Browsing News Entries

Browsing News Entries

“Fatima”: A Family Moviegoing Experience in Re-release

First released to positive reactions in August 2020, Fatima will be rereleased across the country Friday, May 7, 2021, exclusively at AMC Theatres. As the nation begins to open up, and this re-release is well-timed for both Mother’s Day and the Feast of Our Lady of Fatima, we are offering another look at Word on Fire Fellow Andrew Petiprin’s earlier review. Venerable Fulton Sheen described October 13, 1917, as “the birthday of the modern world.” He noted, “It was on that day that the forces of good and evil seemed to reach their peak.” As the Bolshevik Revolution began in Russia and World War I raged on, a ten-year-old Portuguese girl named Lúcia dos Santos, along with her cousins Francisco and Jacinta Marto, led tens of thousands of people to witness “the Miracle of the Sun,” the last in a peculiar series of Marian apparitions. There are countless testimonies…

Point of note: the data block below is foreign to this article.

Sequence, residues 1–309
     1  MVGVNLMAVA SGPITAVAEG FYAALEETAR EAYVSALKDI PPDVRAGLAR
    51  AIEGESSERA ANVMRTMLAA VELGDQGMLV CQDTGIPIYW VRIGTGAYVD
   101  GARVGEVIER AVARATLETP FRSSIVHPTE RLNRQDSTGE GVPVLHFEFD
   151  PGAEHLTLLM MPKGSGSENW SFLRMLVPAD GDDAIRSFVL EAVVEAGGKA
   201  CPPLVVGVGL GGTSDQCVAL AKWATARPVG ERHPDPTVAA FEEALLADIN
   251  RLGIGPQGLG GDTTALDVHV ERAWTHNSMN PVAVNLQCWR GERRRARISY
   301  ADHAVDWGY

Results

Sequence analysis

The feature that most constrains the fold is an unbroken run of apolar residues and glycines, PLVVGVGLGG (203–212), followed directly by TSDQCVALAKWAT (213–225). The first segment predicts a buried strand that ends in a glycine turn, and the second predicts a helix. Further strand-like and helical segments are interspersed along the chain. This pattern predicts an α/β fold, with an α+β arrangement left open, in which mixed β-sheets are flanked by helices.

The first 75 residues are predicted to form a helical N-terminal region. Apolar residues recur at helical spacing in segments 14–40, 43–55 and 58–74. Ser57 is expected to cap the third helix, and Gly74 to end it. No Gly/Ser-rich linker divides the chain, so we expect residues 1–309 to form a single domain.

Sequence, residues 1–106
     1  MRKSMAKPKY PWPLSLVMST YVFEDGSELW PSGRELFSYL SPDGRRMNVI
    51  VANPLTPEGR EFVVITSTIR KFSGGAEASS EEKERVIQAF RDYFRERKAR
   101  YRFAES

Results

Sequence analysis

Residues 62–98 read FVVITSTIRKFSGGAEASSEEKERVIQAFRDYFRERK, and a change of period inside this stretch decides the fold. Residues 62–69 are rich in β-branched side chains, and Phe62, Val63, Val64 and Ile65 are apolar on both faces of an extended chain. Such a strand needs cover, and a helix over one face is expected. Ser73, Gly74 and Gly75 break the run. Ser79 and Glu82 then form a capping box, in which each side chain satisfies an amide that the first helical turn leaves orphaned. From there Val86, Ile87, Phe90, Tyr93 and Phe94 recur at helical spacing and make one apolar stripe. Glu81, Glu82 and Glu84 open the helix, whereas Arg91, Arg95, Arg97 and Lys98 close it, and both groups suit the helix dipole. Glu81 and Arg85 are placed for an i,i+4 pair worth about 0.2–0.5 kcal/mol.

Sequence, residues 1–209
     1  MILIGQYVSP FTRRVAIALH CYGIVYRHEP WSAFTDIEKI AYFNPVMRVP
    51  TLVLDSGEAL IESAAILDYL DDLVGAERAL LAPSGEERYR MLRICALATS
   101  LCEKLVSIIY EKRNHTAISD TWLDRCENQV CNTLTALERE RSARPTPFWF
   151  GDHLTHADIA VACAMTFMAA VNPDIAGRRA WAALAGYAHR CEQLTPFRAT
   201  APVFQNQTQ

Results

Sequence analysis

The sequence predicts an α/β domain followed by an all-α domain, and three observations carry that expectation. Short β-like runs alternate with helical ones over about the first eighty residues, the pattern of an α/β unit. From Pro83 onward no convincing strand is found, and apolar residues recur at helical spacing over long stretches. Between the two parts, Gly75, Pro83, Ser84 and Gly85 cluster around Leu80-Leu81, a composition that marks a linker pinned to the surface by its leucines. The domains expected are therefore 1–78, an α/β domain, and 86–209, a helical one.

“Chronicles of Faith: David”—Introducing Scripture to a New Generation

Are we twenty-first-century Catholics in the middle of an exciting renaissance of the Christian creative genius? It seems so. Thanks to social media and crowdfunding sites, it is easier than ever for independent artists, musicians, and writers to share their work with audiences who are hungering to be entertained and inspired. Even comic books are experiencing a resurgence in popularity and cultural influence, thanks in large part to the success of big-budget Hollywood franchises like the Marvel Cinematic Universe. As Voyage Comics founder Philip Kosloski and I discussed in a recent interview for Word on Fire, the comic book scene is currently dominated by secular voices, but Christian comic creators have never been better poised to evangelize the culture through this dynamic literary and artistic medium. Very recently, I had the pleasure of reading a new comic book, Chronicles of Faith: David, that, through its gorgeous artwork and…